The Oregon conservation scene changed through the vision of conservation-minded Governor Oswald West. In 1912 and 1913, his chief game warden, William L. Finley, expedited the transport of twenty-seven elk from Yellowstone National Park to Billy Meadows in northern Wallowa County, where their numbers increased rapidly. Thereafter, elk were successfully relocated throughout the Wenaha-Wallowa region. By 1945, the wide use of synthetic fabrics had reduced the demand for wool, and fewer domestic sheep were grazing in the drainage. Bighorn sheep and Rocky Mountain goats were transplanted into the Wenaha basin in 1984 and 2009. By 2018, the goat population had more than tripled to sixty animals, and the Bighorn population was estimated to be just over a hundred.
With passage of the Wilderness Act of 1964, groups such as the Wilderness Society, Oregon Wild, and Maintain Eastern Oregon Wilderness lobbied Congress for protection of the river. The river was entirely free flowing and was a viable fishery for spring Chinook, summer steelhead, and bull trout, making it a strong candidate for wilderness protection. In 1978, the Endangered American Wilderness Act designated all but the last six miles of the river as part of the Wenaha–Tucannon Wilderness Area. The river is now one of Oregon’s premier wildlife areas, with wolves and Shiras moose, both rare in Oregon, living in the basin. Some anglers consider the bull trout fishing on the Wenaha to be the finest in Oregon.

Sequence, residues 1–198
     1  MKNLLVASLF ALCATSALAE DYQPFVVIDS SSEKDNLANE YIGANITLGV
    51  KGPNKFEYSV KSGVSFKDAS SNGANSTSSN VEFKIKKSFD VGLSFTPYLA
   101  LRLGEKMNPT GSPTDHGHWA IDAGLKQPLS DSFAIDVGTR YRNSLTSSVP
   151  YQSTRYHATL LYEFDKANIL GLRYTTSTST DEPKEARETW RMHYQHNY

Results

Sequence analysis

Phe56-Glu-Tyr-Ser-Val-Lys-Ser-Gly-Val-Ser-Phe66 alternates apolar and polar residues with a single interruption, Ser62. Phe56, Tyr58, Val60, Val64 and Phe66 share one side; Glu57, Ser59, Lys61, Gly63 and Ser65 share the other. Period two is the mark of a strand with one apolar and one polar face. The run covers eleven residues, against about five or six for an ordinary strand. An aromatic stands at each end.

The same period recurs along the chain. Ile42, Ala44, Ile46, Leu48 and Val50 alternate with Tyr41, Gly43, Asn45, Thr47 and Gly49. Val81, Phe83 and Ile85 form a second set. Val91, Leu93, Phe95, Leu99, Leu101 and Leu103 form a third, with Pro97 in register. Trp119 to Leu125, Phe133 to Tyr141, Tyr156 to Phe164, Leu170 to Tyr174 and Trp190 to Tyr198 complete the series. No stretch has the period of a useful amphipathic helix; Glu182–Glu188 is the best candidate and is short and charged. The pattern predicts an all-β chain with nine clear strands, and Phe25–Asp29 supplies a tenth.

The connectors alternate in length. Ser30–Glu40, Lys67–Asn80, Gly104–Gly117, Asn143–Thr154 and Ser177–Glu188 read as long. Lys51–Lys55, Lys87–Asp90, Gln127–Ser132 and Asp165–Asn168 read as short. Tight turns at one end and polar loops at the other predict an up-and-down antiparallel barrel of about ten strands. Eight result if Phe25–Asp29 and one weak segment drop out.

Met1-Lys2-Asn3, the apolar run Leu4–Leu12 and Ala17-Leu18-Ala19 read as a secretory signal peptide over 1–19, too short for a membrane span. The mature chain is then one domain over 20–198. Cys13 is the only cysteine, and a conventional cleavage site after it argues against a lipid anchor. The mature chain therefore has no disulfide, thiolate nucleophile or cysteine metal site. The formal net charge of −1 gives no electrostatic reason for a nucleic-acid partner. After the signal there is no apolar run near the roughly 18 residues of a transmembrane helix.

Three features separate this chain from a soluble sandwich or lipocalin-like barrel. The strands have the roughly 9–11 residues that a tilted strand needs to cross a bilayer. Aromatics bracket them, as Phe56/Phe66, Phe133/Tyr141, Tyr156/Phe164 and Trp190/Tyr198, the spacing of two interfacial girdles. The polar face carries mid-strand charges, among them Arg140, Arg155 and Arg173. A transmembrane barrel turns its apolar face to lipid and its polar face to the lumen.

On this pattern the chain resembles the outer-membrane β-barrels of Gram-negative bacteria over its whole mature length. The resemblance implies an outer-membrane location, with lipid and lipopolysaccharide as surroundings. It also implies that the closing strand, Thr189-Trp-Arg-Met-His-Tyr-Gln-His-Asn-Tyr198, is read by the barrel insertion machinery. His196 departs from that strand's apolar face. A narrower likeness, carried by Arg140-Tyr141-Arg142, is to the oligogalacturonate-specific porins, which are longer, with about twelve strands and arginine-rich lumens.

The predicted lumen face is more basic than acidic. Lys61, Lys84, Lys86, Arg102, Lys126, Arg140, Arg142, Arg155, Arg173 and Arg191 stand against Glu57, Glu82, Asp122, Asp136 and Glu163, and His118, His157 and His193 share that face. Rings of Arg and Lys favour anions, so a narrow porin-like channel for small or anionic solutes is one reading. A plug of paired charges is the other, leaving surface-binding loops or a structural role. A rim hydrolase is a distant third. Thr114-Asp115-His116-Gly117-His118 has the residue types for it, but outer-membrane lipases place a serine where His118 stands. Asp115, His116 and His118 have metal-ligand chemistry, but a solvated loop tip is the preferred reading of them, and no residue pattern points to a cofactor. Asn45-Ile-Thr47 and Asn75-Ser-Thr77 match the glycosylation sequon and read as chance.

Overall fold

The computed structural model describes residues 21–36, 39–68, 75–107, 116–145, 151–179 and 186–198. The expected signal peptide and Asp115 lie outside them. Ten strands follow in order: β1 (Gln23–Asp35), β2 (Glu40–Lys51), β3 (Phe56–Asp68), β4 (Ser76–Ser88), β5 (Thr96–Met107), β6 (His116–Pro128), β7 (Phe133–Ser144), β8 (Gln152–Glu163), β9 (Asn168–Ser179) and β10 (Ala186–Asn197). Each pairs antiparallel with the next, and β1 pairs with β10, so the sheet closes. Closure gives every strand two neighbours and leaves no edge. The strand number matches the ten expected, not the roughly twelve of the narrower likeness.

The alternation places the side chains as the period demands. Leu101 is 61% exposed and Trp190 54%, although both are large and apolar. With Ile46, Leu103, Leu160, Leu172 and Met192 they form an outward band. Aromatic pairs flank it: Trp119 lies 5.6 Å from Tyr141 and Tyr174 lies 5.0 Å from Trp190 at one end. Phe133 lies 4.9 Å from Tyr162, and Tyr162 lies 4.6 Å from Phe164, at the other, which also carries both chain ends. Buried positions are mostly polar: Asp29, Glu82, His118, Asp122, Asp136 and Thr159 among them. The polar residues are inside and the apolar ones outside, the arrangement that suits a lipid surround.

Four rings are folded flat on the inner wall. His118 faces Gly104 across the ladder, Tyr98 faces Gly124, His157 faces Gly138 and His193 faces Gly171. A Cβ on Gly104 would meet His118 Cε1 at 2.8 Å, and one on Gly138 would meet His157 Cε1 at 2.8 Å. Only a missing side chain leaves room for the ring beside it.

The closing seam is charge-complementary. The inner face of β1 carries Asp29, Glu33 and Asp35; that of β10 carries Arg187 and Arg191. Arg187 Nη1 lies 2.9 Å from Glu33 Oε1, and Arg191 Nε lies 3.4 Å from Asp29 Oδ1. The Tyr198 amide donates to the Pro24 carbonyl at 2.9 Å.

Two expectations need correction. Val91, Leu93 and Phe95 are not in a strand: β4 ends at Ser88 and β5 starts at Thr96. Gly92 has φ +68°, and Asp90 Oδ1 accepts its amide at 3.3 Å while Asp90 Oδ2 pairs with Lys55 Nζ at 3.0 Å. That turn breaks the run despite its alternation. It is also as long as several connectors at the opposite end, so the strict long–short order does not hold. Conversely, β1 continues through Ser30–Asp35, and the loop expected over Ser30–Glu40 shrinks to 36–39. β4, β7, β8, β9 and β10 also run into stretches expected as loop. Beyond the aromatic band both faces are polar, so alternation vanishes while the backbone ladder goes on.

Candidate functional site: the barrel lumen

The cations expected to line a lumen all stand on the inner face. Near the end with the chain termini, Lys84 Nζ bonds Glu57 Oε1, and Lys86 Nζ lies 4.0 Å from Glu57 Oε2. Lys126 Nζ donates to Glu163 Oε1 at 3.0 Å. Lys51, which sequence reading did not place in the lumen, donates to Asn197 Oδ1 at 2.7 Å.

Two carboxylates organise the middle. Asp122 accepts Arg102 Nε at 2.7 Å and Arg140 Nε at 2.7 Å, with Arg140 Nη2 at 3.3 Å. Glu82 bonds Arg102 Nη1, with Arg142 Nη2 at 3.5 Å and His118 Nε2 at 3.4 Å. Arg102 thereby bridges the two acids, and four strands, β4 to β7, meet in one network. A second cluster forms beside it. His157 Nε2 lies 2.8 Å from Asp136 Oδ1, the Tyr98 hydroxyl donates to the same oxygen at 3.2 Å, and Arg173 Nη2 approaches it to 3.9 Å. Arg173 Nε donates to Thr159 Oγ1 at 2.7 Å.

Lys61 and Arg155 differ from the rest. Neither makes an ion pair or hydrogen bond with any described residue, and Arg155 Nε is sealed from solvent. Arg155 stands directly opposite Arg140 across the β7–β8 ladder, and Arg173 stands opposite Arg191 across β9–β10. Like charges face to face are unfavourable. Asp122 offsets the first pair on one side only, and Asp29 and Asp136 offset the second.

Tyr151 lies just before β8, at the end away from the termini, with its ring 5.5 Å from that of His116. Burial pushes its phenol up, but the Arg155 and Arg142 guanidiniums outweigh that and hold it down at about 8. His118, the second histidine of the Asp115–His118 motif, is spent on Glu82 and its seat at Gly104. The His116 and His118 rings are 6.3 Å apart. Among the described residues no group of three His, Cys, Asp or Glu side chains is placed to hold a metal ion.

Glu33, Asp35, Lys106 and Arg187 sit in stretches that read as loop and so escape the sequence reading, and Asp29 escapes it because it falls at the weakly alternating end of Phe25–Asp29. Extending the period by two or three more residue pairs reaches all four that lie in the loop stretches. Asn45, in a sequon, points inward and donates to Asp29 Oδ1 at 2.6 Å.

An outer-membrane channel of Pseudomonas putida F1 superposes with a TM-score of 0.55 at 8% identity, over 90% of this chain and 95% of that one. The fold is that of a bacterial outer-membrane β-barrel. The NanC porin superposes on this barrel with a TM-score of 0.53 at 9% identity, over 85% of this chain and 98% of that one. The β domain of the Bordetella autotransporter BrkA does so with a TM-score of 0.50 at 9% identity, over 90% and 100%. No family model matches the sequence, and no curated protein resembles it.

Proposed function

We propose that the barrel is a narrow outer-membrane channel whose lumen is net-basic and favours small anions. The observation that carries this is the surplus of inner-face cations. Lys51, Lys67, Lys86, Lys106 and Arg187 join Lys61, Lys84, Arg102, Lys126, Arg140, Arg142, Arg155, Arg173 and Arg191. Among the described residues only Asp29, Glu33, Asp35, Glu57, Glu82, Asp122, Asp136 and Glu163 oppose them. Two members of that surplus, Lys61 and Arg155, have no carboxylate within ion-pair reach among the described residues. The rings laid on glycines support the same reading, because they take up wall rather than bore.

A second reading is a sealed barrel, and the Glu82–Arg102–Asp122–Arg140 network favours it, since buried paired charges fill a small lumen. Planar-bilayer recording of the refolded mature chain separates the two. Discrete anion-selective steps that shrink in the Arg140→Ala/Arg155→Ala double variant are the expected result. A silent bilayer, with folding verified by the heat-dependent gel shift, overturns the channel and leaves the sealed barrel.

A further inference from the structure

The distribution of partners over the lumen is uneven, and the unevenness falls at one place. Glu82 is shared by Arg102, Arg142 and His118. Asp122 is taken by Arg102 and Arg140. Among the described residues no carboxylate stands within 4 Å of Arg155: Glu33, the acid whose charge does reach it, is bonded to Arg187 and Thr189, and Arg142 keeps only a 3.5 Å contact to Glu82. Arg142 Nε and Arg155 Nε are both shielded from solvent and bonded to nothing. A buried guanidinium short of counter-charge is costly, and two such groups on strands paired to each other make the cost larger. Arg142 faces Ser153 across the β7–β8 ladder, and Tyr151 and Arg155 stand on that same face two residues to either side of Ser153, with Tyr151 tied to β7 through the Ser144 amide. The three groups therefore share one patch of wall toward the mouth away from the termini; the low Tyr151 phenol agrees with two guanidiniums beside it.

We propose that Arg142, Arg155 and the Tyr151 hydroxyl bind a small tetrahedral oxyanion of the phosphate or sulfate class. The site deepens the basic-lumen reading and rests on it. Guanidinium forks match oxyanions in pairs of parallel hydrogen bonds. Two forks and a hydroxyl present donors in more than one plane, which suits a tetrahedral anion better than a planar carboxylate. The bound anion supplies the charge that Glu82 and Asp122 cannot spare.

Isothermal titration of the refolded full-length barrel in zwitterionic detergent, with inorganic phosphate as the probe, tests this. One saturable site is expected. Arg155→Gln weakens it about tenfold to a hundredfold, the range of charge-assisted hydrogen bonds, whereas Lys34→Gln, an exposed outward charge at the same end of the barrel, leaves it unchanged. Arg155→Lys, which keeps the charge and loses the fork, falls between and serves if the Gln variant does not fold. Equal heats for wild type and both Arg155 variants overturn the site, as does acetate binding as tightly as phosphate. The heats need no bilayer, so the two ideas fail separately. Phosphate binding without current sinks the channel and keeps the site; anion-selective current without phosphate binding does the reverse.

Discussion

The Oregon Department of Fish and Wildlife manages the Wenaha Wildlife Area, which is primarily on the south side of the river. The Umatilla National Forest stewards over two hundred miles of trail in the wilderness, giving the Wenaha its reputation as one of Oregon’s outstanding hunting and backpacking destinations. One of the most traveled routes is the Wenaha River Trail, a twenty-two-mile-long undulating path from Troy to the Wenaha Forks. Deer, elk, and bighorn sheep—as well as rattlesnakes—are all resident on the ponderosa pine and balsamroot hillsides and canyon walls, and the trail sometimes hugs the river and sometimes contours over a hundred feet above it. The Grizzly Bear Complex Fire of 2015 destroyed the bridge that crossed Crooked Creek, making the river trail more of a challenge.
Related Historical Records
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Allen, E.T. "Wenaha Forest Reserve, Forest Inspectors Report for 1906." Pomeroy: Umatilla National Forest, Supervisor’s Office Silviculture Library Archives, 1906.
Hunn, Eugene S., E. Thomas Morning Owl, Philip E Cash Cash, Jennifer Karson Engum. Caw Pawa Laakani—They Are Not Forgotten: Sahaptian Place Names Atlas of the Cayuse, Umatilla, and Walla Walla. Tamastslikt Culture Institute and Eco Trust. Seattle: University of Washington Press, 2015.
Palmer, Tim. Field Guide to Oregon Rivers. Corvallis: Oregon State University Press, 2014.
Tucker, Gerald. History of the Northern Blue Mountains. Pomeroy: Umatilla National Forest, Supervisor’s Office Silviculture Library Archives.